Friends, parents, and peers provide critical support system for adolescents and young adults with cancer
DALLAS – March 20, 2020 – Imagine inserting a cancer diagnosis into your tumultuous teen or young adult years.
If not teamed with psychological, social, and emotional support, the news can negatively impact young patients’ emerging developmental needs and perspectives, based on results of a new study outlining the value of cancer psychosocial support programs.
“Adolescence is already a difficult developmental period, as teens and emerging adults are striving for independence and autonomy, are separating from parents, and are initiating romantic and peer relationships. Cancer diagnosis and treatment really disrupts this critical period in their lives,” says first author Sarah Pennant, Ph.D., a clinical child psychology fellow specializing in pediatric health at Children’s Health/Children’s Medical Center Dallas and former doctoral student at UT Southwestern Medical Center.
“Adolescents and young adults may have to rely on their parents and families more than they had prior to diagnosis. Frequently, these patients have decreased social interaction due to a number of limitations, such as being at the hospital for treatment, being removed from mainstream school or college, and restrictions on being in crowded areas due to being immunocompromised. Yet, we know these peer relationships are crucial during this time,” Pennant adds.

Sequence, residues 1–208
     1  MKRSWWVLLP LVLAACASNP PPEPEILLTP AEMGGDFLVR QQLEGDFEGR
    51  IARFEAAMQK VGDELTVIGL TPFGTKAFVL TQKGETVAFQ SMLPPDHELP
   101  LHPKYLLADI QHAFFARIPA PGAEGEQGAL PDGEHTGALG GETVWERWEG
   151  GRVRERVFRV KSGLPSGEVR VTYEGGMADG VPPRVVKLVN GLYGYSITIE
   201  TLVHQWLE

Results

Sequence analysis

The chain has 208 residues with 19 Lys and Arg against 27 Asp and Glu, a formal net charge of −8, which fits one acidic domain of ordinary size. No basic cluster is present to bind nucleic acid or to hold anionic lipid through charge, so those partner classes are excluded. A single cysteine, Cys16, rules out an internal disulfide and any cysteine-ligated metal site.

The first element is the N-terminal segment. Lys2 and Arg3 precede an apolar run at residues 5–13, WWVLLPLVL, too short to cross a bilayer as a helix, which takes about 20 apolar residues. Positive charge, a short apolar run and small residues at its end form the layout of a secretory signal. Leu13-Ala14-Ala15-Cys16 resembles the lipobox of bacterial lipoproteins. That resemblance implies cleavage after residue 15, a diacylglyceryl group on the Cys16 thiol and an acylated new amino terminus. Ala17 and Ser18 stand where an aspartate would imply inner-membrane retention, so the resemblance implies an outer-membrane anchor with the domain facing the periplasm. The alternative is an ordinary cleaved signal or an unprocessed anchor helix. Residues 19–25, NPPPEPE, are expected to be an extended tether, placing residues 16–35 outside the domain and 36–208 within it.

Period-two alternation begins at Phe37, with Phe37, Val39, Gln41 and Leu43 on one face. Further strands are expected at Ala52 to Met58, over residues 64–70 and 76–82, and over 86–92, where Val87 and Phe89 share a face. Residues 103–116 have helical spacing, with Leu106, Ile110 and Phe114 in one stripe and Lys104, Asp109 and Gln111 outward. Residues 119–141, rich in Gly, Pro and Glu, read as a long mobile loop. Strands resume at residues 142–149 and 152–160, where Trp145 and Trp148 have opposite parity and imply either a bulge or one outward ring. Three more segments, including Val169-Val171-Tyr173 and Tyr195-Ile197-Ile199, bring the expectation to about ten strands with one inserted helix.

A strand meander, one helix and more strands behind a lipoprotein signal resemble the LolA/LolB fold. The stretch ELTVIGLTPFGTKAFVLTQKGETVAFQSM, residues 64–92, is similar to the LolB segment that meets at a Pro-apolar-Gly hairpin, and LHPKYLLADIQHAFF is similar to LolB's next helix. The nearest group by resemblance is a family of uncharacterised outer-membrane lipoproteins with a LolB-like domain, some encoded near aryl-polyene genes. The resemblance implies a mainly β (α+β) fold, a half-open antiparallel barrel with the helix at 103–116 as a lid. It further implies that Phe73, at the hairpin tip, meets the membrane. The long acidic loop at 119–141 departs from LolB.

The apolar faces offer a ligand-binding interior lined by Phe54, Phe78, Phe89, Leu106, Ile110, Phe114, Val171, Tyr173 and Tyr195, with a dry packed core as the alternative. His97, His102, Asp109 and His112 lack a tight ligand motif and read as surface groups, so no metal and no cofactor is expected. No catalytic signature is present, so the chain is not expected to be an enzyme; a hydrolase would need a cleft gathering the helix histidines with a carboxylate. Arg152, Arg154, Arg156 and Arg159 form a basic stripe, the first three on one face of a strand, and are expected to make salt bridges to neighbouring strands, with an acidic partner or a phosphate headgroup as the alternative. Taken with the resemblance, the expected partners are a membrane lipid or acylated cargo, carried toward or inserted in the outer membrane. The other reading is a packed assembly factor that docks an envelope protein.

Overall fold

The authors are part of the Adolescent/Young Adult Oncology Program at Children’s Health and members of UT Southwestern’s Harold C. Simmons Comprehensive Cancer Center and Moncrief Cancer Institute. They looked into how adolescents and young adults (AYAs) ages 15-26 individually cope during cancer treatment and what social supports helped them. The researchers surveyed 10 cancer patients undergoing treatment and 10 parents. Participants scored within the normal to high range on measures of hope, depression/anxiety/stress, quality of life, and social support.
Researchers used oral interviews to explore specific actions helpful to AYA patients, what behaviors they would like from their social supports, and what advice they would give others in their situation – all aimed at helping develop future interventions and to provide guidance for family, friends, cancer peers, and medical teams.
The findings, which appeared in the cover story of the Swiss open-access journal Children, include:
- Friends: These patients struggle with feeling as though their lives are at a standstill due to cancer treatment, particularly when comparing their lives to those of their friends and peers, and believe their peers sometimes treat them differently after their cancer diagnosis, leading them to feel as though cancer consumed their identity or that others pitied them. Maintaining connections and communication with friends throughout treatment is a way of continuing to develop deep friendships and experience social milestones.
- Parents/family: Some AYAs experience discomfort in seeing their parents become tearful or worried during their treatment, preventing them from sharing their own emotional experience in order to protect their family. But they also expressed the importance of parents and family providing physical and emotional support, advocating for the AYA patient’s needs, providing additional information related to treatment, maintaining the AYA’s autonomy, modeling a positive attitude, and assisting in everyday tasks.
- Others: Others who provided support included similarly aged individuals with cancer, medical staff, significant others, classmates or work colleagues, community members, cancer-specific organizations, and professional or collegiate athletes.